Turnout will be pivotal, and recent history bodes ill for Labour on that score
In general, by-elections are the hardest political markets to predict. Opinion polls are even less reliable than usual, asking a mid-term question that only a small minority of engaged voters have spent more than a few minutes considering.
Recent UK by-elections have seen some highly unpredictable results, particularly in supposedly safe Labour seats.
In 2012, George Galloway’s Respect pulled off an enormous upset in Labour-held Bradford West on a whopping 53% swing. In 2008, the SNP took Glasgow East from Labour on a 22% swing. Labour were rated in excess of 90% likely to win on the Betfair market on both occasions.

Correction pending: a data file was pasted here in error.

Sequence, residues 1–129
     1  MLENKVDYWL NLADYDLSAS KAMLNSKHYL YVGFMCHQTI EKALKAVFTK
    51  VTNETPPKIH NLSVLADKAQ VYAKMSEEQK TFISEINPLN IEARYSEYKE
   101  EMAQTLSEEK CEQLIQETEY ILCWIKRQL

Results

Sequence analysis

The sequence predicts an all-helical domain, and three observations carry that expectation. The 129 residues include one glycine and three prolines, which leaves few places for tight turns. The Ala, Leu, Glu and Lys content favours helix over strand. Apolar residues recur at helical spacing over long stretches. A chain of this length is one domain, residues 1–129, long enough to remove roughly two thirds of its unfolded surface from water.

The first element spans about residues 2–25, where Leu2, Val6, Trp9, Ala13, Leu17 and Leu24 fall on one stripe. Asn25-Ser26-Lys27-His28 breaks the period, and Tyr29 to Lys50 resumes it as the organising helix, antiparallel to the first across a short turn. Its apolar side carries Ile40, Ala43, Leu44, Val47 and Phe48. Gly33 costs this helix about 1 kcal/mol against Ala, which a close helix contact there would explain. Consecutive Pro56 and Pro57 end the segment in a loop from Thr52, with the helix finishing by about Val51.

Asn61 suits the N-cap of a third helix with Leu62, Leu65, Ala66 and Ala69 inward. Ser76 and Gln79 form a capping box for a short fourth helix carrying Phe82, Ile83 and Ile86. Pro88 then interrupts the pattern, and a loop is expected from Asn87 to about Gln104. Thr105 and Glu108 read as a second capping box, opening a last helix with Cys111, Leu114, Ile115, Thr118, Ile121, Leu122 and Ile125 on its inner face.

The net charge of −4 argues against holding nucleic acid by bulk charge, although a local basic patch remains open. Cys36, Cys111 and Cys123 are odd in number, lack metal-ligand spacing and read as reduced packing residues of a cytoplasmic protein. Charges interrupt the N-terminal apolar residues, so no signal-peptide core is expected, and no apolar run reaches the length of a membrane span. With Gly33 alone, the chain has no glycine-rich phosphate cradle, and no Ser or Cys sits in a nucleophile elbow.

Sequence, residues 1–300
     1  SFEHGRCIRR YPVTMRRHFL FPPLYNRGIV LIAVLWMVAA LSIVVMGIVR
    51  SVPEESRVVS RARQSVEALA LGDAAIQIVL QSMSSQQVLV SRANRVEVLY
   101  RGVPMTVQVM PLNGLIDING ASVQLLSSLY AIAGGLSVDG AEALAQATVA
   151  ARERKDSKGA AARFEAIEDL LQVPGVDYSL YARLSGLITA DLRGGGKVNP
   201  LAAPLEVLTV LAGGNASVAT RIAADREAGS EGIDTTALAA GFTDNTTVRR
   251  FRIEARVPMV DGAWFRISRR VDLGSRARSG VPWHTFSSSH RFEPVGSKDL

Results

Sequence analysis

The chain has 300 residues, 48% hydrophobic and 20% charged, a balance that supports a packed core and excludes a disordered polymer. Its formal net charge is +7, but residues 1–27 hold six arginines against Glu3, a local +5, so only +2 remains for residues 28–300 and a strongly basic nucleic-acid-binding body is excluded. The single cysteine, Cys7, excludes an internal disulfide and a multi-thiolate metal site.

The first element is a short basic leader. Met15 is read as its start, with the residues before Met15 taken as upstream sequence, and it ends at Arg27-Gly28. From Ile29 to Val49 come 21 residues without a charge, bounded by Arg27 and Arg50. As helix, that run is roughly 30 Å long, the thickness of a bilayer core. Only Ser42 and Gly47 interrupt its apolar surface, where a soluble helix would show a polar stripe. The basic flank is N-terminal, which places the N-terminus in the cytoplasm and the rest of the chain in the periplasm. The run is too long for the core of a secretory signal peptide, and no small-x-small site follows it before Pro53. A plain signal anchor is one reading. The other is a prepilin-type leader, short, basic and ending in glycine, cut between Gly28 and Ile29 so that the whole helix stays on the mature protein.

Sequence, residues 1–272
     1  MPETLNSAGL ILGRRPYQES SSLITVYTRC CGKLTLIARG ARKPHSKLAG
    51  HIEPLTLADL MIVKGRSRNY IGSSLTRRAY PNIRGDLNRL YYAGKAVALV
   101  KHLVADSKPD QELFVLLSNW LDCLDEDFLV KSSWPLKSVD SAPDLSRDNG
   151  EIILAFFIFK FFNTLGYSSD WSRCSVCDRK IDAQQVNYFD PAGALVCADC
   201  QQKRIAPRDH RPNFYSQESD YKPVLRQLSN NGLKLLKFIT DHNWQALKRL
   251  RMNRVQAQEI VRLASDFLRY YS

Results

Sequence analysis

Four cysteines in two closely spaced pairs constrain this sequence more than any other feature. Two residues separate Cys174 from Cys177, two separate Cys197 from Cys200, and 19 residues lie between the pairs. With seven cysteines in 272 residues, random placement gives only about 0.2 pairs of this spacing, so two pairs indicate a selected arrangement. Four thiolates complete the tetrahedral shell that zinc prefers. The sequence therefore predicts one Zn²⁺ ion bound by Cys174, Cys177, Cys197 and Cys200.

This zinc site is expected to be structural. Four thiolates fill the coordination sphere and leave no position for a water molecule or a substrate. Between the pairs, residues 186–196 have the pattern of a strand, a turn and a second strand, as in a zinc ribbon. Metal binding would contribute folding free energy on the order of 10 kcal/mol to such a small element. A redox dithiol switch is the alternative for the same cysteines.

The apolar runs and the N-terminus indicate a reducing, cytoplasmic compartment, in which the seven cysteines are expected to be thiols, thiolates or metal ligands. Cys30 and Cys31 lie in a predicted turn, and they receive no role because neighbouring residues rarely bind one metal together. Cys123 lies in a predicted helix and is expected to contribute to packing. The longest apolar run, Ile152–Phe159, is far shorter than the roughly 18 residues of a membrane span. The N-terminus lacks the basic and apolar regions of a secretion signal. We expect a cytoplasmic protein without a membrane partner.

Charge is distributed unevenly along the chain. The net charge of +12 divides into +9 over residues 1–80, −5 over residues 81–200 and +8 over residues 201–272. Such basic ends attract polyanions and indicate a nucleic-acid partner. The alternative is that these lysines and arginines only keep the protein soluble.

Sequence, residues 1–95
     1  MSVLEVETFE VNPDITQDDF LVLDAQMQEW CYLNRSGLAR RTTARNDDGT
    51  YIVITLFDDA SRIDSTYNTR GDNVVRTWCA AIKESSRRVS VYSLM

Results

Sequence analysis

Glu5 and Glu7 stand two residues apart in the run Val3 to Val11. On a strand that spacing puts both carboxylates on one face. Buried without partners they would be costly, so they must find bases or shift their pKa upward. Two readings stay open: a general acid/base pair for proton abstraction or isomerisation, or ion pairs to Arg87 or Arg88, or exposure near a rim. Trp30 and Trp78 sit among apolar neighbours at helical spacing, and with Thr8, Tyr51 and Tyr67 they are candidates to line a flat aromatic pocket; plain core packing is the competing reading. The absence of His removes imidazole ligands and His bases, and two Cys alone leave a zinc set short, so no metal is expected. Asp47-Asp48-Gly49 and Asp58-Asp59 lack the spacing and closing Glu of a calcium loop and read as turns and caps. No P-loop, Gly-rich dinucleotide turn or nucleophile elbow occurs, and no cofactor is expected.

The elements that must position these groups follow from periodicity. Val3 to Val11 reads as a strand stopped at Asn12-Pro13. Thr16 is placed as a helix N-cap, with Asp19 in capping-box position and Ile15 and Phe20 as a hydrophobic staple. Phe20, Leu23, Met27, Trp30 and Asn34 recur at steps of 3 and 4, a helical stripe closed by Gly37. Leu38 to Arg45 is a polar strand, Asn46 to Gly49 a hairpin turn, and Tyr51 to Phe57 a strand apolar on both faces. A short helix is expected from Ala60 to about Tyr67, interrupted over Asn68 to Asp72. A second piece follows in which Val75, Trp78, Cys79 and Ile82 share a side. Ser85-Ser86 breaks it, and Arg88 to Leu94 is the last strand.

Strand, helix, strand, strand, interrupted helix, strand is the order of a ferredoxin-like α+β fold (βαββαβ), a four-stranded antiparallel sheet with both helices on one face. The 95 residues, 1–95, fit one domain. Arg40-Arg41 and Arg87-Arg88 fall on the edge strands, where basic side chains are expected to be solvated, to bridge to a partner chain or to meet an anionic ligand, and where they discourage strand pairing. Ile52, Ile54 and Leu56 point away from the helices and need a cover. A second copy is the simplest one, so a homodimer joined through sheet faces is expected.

In 2006, the Lib Dems won Dunfermline and West Fife, after Labour had been matched at the minimum odds of 1-100. In all three cases, the seats returned to their natural owners at the next General Election.
Galloway aside, the big by-election story of the last parliament was the rise of UKIP. Nigel Farage’s insurgents took two Tory seats by wide margins, and finished second in a spate of contests in safe Labour seats. In Eastleigh, they came within a whisker of taking this high-profile Lib/Con marginal.
Thursday’s contest in Oldham West & Royton would, in normal times, be very low-key. Labour would expect to hold it, with UKIP almost certainly finishing a respectable, if distant, second. But these are not normal times.